# How to count sort comparison

When it is said that this sort has M number of comparisons what does it mean?

As an example:

``````procedure bubbleSort( A : list of sortable items )
n = length(A)
repeat
swapped = false
for i = 1 to n-1 inclusive do
if A[i-1] > A[i] then
swap( A[i-1], A[i] )
swapped = true
end if
end for
until not swapped
end procedure
``````

Has

``````for i = 1 to n-1
``````

or

``````for(int i = 0 ; i < n-1; i++)
``````

is this comparison (`i < n-1`) taken into account?

Or in merge sort, beside the main comparison:

``````        if (v[first1]<v[first2])
``````

at the end of a used function it is written:

``````    while (first1 <= last1)
temp[index++] = v[first1++];
while (first2 <= last2)
temp[index++] = v[first2++];
for (index = first; index <= last; index++)
v[index] = temp[index];
``````

Are these comparisons are taken into account?

• Possible duplicate of programmers.stackexchange.com/questions/117304/… Apr 24, 2015 at 0:37
• @JayElston, Could you explain how that question answers about what commands to be taken into account? btw, I do not care about big o. I need exact number of comparison. Apr 24, 2015 at 4:01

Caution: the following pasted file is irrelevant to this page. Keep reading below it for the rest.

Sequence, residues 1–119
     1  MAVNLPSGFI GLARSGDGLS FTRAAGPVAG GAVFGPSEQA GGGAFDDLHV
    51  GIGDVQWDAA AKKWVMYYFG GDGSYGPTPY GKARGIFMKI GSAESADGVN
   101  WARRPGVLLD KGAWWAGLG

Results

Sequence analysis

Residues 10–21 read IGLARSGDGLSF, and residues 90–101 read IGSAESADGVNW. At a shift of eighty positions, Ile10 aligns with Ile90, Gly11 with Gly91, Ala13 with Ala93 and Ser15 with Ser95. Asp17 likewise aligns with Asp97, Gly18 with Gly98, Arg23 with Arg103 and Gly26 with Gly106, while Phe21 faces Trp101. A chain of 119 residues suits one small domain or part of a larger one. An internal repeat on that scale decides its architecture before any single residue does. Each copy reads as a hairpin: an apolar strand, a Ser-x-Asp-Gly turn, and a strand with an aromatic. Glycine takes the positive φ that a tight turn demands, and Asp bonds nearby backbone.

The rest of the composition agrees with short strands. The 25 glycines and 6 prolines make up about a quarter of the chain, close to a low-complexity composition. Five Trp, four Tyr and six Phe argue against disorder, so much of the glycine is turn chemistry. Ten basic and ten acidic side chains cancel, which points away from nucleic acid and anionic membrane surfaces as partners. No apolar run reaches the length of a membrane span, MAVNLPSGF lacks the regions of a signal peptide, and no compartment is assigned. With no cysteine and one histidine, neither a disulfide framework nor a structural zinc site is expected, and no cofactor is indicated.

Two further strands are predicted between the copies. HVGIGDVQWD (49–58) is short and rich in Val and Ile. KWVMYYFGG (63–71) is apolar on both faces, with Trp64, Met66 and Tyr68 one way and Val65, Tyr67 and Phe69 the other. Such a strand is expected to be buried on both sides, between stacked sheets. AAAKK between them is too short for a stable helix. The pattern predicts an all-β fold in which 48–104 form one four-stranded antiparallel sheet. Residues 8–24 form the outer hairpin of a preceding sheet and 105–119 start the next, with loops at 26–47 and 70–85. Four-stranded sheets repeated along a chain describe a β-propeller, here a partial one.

When you find a statement like "M number of comparisons" about sorting algorithms in literature, the author typically means the number of comparisons between the sorted elements, not the comparisons of something like loop indexes. So if you are asked this in a university assignment, I would guess that this is the number which is meant (but to make that clear, if you give an answer, why not add a note describing exactly what you counted).

In fact, this assumes that the predominant operations in a sorting algorithm are comparisons and "swaps", and that there are not more loop iterations than comparisons between the sorted elements. When you assume the latter, for calculating Big-O it is irrelevant if you count the "loop index comparisons" or not.

Furthermore, note that a term like "exact number of comparisons" instead of "O(number of comparisons)" makes only sense for a specific implementation of an algorithm, not "for an algorithm" in general. So when you try to compare the number of comparisons of your implementation of bubble sort to a different implementation from a different author, you have to make sure you do not compare apples and oranges. That is why comparisons in terms of "Big-O" makes more sense when comparing algorithms on a theoretical level.

However, from a more practical point of view, counting the exact "number of comparisons" (or swaps) will indeed make sense when it comes to speed comparisons of specific sorting implementations on real-world data.